Active externalism, virtue reliabilism and scientific knowledge

Abstract

Combining active externalism in the form of the extended and distributed cognition hypotheses with virtue reliabilism can provide the long sought after link between mainstream epistemology and philosophy of science. Specifically, by reading virtue reliabilism along the lines suggested by the hypothesis of extended cognition, we can account for scientific knowledge produced on the basis of both hardware and software scientific artifacts (i.e., scientific instruments and theories). Additionally, by bringing the distributed cognition hypothesis within the picture, we can introduce the notion of epistemic group agents, in order to further account for collective knowledge produced on the basis of scientific research teams.

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Notes

  1. 1.

    Apart from some very few exceptions pointing towards the opposite direction (Goldman 2004, 2010; Fuller 2007, 2012), for the most part, even the emerging field of social epistemology has so far focused on the individual epistemic subject, by studying only how individualistic knowledge is affected by social factors. For a general discussion of the field of social epistemology, the debate over its methodology, and its future see (Palermos and Pritchard 2013). For an extended discussion on the compatibility of contemporary approaches within cognitive science with contemporary accounts of knowledge and justification within mainstream and social epistemology, see (Carter et al. 2014). Non-mainstream approaches to social epistemology (e.g., Science and Technology Studies and the Sociology of Scientific Knowledge (Barnes et al. 1996; Bloor 1991; Latour 1999, 2007; Latour and Woolgar 1986) can, no doubt, also prove relevant to bridging the gap between epistemology and philosophy of science and cognitive science. In what, follows, however, we will need to bracket such approaches in order to save space for the discussion of mainstream epistemology, which is the primary focus of the present paper.

  2. 2.

    See Bach-y-Rita and Kercel (2003) for a recent review on TVSS.

  3. 3.

    See also (Shani 2013), whose view—viz., moderate active externalism—is similar to what we here call the hypothesis of extended cognition (though note that Shani’s arguments do not so heavily rely on DST, and his view is stronger than the hypothesis of extended cognition in that it denies—instead of remaining silent on the matter—the extension of (common-sense functionalist) mental states. For more details on why common-sense functionalism is necessary for the extended mind thesis, but not the extended and distributed cognition hypotheses, see Palermos (2014a). Again though, note that the hypotheses of extended and distributed cognition are neither incompatible with common-sense functionalism, nor anti-functionalist on the whole. In so far as a cognitive process is a function, these two hypotheses are compatible with functionalism.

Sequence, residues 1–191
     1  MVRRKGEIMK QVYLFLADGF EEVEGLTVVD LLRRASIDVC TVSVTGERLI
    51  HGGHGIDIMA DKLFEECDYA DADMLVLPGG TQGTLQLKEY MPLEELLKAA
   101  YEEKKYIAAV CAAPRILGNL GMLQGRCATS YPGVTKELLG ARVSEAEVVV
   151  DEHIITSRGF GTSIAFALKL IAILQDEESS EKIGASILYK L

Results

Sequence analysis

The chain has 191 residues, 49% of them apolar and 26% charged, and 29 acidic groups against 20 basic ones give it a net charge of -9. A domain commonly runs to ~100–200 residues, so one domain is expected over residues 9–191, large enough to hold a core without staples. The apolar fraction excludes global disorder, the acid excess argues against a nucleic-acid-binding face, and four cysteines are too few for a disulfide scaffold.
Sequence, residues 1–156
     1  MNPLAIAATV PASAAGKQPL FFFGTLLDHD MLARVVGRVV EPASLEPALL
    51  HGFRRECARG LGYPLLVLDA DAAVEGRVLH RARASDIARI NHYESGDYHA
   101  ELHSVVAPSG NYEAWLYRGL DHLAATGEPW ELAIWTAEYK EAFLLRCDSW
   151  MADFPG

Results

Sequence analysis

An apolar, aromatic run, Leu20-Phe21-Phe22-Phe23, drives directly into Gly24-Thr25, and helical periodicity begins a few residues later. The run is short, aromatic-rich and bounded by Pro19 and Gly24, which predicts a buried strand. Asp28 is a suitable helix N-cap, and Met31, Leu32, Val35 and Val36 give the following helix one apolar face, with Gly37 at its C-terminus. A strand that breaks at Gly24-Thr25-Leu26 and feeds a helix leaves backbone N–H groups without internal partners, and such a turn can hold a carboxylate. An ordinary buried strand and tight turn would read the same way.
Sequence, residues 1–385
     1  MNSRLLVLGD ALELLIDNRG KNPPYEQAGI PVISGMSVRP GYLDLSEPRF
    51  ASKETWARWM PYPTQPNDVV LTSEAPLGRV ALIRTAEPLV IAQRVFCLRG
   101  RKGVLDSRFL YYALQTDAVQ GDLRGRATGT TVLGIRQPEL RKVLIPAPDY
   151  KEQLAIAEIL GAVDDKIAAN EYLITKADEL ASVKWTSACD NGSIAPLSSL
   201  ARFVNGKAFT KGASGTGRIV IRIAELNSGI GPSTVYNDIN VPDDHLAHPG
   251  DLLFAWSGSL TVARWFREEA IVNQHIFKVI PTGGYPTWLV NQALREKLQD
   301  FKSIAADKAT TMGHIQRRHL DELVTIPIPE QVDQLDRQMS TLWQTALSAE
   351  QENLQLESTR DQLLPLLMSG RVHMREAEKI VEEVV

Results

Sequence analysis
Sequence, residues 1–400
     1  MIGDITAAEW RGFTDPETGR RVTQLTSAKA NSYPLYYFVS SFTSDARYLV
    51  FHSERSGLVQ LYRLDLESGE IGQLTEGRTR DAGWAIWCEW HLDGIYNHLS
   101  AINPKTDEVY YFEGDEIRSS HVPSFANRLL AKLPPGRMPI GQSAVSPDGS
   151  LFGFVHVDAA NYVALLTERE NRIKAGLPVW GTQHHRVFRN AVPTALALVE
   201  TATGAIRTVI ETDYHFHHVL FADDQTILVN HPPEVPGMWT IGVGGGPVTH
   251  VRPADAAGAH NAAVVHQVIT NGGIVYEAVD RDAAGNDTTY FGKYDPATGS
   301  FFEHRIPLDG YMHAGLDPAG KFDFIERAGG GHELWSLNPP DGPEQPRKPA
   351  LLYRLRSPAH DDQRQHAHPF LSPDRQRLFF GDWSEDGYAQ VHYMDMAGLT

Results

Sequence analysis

4. 4.

    Note that the argument of this approach moves from the existence of extended/distributed cognitive processes to the existence of extended/distributed cognitive systems. There are some alternative approaches to active externalism available in the literature, however, that seem to focus either on the relevant extended systems (e.g., (van Gelder 1995; Haugeland 1993, 2000) or on the relevant extended processes (Menary 2013), alone.

  5. 5.

    To preempt a possible worry, here, the relevant reciprocal interactions need only be continuous during the operation of the relevant coupled cognitive system and the unfolding of any processes related to it. For example, if, as part of her job and during normal working hours, individual \(S\) participates in distributed cognitive system \(X\), \(S\) does not need to continuously interact with the other members of \(X\), when she is at home. However, whenever \(X\) is in operation, \(S\) must continuously and reciprocally interact with the rest of the \(X\)-members. For more details on how dynamical systems theory, in general, can help us clearly distinguish between the hypothesis of extended cognition and the hypothesis of embedded cognition as well as avoid several other worries with respect to the hypothesis of extended cognition (e.g., the ‘cognitive bloat’ worry and the ‘causal-constitution’ fallacy), see Palermos (2014a).

  6. 6.

    There are several other proponents of virtue reliabilism—most famously Sosa (1988, 1993, 2007). The reason why only the above references have been included in the main text is to indicate a specific lineage of virtue reliabilism that is particularly apt for our present purposes. In the beginning of the line, however, is Greco, who has, himself, been heavily influenced by Sosa’s alternative.

  7. 7.